Does that matter?
When Couric moved to the CBS Evening News, her ratings did not show the same prowess that she had while at Today – while at Today, ratings remained strong due to her replacement.
Does Katie Couric have an audience? Does any journalist in news truly have an audience?
We have seen a change in the past 10 years – first driven by cable news, and then exacerbated by social media – to personality-driven news coverage. CNN doesn’t cover the news in primetime – Anderson Cooper does. MSNBC doesn’t discuss the politics of the night – Rachel Maddow does.
What have we learned?
We have learned consistently and constantly that the news drives ratings, over and over and over. We see ratings go up during elections – we see them crater during slow news cycles. We see people flock to cable news in the wake of tragedy, while largely ignoring it otherwise.
Is the landscape of news really changing?
As the Communications Director for the Newspaper Association of America, I see all the stats, I get all the questions and I field all the theories. Based on the number of articles written about social media, you would assume that every adult in the world gets its news from Twitter.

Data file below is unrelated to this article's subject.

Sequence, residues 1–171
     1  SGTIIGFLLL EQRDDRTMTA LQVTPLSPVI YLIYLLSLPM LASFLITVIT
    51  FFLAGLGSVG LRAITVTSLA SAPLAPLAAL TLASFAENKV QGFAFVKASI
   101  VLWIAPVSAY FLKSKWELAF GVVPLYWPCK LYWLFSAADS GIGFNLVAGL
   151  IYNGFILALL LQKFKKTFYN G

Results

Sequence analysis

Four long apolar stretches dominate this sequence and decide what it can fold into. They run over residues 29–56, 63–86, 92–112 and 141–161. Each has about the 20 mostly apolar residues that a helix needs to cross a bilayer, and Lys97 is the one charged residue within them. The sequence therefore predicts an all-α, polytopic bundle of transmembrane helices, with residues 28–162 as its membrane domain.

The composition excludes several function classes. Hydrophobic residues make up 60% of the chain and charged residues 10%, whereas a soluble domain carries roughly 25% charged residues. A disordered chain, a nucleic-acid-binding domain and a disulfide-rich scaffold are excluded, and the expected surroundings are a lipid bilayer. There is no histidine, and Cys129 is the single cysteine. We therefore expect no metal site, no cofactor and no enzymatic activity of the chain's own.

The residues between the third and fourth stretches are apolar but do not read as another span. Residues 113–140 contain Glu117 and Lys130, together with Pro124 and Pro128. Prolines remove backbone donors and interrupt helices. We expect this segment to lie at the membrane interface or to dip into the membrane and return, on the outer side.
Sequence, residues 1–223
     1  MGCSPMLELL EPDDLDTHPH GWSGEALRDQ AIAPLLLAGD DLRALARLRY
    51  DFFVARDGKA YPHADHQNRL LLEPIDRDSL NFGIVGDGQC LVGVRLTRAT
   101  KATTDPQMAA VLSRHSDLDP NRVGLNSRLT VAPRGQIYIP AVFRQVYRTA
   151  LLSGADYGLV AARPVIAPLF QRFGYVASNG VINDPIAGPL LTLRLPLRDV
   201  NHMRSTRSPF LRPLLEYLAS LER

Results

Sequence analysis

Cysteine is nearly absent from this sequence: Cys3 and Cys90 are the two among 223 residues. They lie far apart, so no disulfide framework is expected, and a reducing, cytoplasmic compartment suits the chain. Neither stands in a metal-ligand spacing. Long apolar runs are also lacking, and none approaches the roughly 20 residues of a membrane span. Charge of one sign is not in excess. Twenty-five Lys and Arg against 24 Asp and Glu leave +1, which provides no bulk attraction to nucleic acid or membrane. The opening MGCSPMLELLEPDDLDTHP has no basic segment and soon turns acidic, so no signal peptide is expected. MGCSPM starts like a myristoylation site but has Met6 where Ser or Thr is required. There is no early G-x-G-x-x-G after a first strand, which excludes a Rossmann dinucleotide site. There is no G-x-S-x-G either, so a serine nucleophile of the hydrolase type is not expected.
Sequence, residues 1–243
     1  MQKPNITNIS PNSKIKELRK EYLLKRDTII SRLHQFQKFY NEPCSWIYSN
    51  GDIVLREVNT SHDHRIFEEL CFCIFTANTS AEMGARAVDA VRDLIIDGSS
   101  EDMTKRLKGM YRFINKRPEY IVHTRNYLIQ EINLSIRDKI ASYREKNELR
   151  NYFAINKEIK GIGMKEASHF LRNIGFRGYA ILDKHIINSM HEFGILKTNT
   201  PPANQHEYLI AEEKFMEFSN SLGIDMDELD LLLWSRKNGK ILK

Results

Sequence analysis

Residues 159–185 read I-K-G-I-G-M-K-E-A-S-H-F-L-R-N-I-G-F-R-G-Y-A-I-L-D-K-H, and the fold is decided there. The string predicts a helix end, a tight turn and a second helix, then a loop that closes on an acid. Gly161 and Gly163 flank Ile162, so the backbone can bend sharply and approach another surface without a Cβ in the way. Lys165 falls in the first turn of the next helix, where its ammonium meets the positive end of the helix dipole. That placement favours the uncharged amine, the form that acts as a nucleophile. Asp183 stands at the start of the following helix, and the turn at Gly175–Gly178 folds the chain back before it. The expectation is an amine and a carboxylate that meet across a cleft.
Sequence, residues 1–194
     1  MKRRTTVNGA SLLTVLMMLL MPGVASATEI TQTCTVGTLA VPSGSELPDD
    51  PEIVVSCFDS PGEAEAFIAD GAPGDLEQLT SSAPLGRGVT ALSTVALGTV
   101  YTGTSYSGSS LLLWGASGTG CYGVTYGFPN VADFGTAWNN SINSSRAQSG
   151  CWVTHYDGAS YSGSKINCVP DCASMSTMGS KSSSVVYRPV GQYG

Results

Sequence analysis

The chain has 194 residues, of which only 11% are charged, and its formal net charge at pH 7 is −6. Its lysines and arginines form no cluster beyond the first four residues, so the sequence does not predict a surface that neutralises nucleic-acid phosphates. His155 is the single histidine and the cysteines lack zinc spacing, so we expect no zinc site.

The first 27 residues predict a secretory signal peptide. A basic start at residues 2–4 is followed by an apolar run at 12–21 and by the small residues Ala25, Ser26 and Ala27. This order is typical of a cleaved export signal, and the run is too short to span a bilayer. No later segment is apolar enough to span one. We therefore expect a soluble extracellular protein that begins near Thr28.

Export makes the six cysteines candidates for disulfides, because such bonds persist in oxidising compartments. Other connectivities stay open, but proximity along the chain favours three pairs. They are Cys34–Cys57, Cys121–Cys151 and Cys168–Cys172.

In reality, according to Pew Research, the number is 8 percent.
That number seems low, right?
During the Kansas/Duke basketball game earlier this month, Andrew Wiggins – the superstar from Kansas and heralded as a possible heir to LeBron – was trending. My mobile app had recently gotten an upgrade and it told me (why, I have no idea) how many tweets about Wiggins there were to make him trending. It said 5,000.
5,000? That’s it? We would find out later that 3 million people watched the game. 5,000 is such a tiny fraction of that audience – and who knows how many of that Twitter number were actually even watching.
The YouTube Music Awards were supposed to mark a huge step in the evolution of YouTube as a true alternative to television. There was a huge buzz prior to the show, with 60 million votes allegedly cast and 10+ million views on the clip announcing the show.